Democracy is a tough commodity to market

Voter turnout in elections continues to fall despite decades of advertising spend to persuade us to go to the polling stations. So how are the campaigns shaping up for June 10?

As the prospect looms of a poor turnout in the June 10 elections, the political establishment is spending heavily on advertising campaigns to encourage the public to vote.

Last week’s announcement by Tony Blair of a possible referendum on the European constitution has increased the pressure on those charged with increasing voter participation.

Up for grabs in June are seats in the European Parliament, some local councils in England, the Greater London Assembly (GLA) and the position of London Mayor. The GLA is putting the finishing touches to a campaign encouraging voting through DDB London while the Electoral Commission, established in 2000 to tackle the crisis of low participation, is half-way through a £4m television and online campaign by St Luke’s.

There is a long history of campaigns to encourage voting, but they have failed to reverse the downward trend. In the Nineties, politicians linked up with the music industry, telling the young to “Rock the Vote” but only succeeded in making them cringe.

In 2000, more than £4m was spent on a campaign to encourage people to vote for the London Mayor with the slogan: “It’s the biggest job in London – you choose who gets it.” Turnout was 34 per cent.

In the 1992 General Election voter turnout stood at 78 per cent, but in 1997 slipped to 71 per cent. By 2001, it had shrunk to 59 per cent and pundits are predicting it could slip below 50 per cent in the next General Election.

To address this problem, the Government established the Electoral Commission as an independent body with a £7m annual budget – largely to spend on vote-promoting marketing campaigns.

Archbishop Rowan Williams delivered a sermon last week that suggested government deception over the war on Iraq was to blame for a “general weakening of trust in the political system of our nation”.

Williams believes the time could soon come for “campaigns of huge civil disobedience… as in the civil rights struggles of sixties America”. And he thinks political leaders are undermining democracy partly because they have “manipulated the media”.

By contrast, the Electoral Commission puts the blame for low turnout on members of the public who are too dim to realise how politics affects their lives.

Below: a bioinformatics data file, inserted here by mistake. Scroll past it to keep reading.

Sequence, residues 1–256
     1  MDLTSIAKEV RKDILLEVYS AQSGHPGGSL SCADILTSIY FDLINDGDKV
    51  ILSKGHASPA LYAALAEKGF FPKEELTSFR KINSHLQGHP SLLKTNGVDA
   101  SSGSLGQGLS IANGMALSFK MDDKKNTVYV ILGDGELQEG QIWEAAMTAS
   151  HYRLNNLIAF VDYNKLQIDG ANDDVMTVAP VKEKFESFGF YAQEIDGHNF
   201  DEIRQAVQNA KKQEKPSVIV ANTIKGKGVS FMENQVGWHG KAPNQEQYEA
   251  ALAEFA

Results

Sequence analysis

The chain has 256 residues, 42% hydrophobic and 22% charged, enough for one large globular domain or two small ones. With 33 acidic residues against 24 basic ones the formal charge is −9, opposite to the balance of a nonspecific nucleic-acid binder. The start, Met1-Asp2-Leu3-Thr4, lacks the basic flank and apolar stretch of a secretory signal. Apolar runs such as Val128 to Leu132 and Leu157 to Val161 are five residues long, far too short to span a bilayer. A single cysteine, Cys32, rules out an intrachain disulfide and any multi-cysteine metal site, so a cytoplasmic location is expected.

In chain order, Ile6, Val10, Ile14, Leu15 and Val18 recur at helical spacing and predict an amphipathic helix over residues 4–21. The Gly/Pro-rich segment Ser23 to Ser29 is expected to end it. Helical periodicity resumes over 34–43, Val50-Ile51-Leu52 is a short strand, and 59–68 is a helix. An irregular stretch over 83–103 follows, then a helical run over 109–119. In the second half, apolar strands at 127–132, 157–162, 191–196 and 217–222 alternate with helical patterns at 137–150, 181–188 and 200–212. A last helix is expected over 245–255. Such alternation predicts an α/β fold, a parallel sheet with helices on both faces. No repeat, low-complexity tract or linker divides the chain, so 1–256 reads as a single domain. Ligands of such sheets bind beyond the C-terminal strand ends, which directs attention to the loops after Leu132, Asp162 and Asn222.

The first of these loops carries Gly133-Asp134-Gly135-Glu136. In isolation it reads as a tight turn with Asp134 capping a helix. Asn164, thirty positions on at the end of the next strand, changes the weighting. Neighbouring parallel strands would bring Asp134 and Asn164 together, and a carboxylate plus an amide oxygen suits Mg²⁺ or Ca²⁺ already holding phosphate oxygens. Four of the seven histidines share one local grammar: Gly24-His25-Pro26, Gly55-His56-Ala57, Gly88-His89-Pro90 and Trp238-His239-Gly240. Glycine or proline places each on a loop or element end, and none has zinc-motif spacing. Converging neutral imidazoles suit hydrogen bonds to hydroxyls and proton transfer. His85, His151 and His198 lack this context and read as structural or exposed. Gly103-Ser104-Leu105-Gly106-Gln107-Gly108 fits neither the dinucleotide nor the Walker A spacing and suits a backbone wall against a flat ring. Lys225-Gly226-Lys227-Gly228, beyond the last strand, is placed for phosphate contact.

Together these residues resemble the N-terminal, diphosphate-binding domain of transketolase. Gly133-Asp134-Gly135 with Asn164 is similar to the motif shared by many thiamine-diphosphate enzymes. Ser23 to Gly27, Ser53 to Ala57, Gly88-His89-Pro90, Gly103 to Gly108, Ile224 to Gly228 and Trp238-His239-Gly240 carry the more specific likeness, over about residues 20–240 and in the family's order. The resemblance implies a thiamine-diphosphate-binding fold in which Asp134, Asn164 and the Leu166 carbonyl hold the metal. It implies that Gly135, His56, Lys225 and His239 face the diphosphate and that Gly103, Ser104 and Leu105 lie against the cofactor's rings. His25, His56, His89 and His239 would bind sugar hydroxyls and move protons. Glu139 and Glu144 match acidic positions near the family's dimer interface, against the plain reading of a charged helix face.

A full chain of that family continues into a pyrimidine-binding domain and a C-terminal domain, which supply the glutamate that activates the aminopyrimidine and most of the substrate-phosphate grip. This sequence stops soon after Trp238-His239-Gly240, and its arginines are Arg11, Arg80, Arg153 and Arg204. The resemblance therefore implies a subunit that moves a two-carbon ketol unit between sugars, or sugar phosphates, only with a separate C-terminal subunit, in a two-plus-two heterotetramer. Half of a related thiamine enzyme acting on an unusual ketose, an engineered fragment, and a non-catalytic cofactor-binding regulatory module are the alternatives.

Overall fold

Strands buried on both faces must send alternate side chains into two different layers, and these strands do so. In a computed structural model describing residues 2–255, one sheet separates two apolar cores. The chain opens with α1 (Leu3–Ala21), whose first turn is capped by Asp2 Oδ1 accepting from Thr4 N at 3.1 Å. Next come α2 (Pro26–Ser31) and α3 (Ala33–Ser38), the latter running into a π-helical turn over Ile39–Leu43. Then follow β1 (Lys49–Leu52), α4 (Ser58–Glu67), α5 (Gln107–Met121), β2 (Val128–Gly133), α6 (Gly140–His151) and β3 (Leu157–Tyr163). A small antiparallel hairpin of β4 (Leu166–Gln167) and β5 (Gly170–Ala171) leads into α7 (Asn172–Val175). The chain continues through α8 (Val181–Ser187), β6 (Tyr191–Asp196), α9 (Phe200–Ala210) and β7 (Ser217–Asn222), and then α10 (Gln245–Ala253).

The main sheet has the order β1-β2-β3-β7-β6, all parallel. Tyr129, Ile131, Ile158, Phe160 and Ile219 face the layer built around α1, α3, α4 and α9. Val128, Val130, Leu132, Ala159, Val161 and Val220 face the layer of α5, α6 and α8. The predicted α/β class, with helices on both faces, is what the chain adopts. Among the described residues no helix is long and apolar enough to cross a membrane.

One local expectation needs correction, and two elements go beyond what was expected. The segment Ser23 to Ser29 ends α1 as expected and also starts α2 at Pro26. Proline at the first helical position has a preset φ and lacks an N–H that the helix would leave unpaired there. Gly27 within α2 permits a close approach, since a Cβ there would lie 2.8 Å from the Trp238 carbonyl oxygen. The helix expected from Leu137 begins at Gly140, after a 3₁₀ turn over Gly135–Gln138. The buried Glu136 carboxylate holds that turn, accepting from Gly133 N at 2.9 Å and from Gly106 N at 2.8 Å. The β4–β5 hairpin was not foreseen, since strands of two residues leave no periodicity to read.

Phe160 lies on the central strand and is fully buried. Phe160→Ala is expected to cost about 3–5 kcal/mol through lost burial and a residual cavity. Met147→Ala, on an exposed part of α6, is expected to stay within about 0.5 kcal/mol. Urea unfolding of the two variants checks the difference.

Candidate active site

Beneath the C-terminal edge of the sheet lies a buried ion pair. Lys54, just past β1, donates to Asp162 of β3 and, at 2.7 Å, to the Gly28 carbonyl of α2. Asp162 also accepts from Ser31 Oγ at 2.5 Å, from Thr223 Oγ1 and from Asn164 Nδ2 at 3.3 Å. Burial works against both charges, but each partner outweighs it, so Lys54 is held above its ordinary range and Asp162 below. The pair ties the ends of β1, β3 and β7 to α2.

Its TV campaign shows a cartoon character saying he “doesn’t do politics”, while his friend points out that most of the problems the pair encounter in various scenarios – from failing to win at sports to pub closing times – are political. The rejectionist eventually succumbs and grudgingly admits that his friend is right. Viewers are then directed to a website – aboutmyvote.co.uk- for information on how to vote.

The campaign hinges on an age-old coercive advertising technique that humiliates people who reject a product by portraying them as buffoons. But Electoral Commission campaigns manager Becky Lloyd denies the ads are an attempt to humiliate or bully people. She says: “We are trying to overcome people’s lack of knowledge of the political process. We are not doing a selling job on politicians, but by not voting at all, you are not registering any point of view.”

Dave Buonaguidi, former St Luke’s creative director and now head of his own agency Karmarama, is sceptical that television advertising can help to reverse low voter turnout – and admits he does not vote.

“You need to start getting into people’s heads in a different way,” he says. He also slams the idea that by convincing Joe Bloggs issues such as England’s sporting performance are political they are more likely to vote.

An alternative way of pressuring people to vote was used by BMP.DDB before the 1997 General Election. The campaign – in conjunction with the Ministry of Sound and with a tiny budget – showed real-life people expressing extreme right-wing, racist, sexist and homophobic views capped off with the line: “Use your vote – you know he will use his.”

Chris Powell, former chairman of the agency (now DDB London) says: “The strategy is still right – to make people angry. It was an attempt to wind them up. You need to get people’s blood up to get them out to vote.” (He contrasts this with what he sees as embarrassing and ineffective Rock the Vote campaigns.)

For the Electoral Commission, this approach is too partisan. But by June 11 there will be some early indications of the commission’s own success in changing people’s attitudes and behaviour and making voting matter again.

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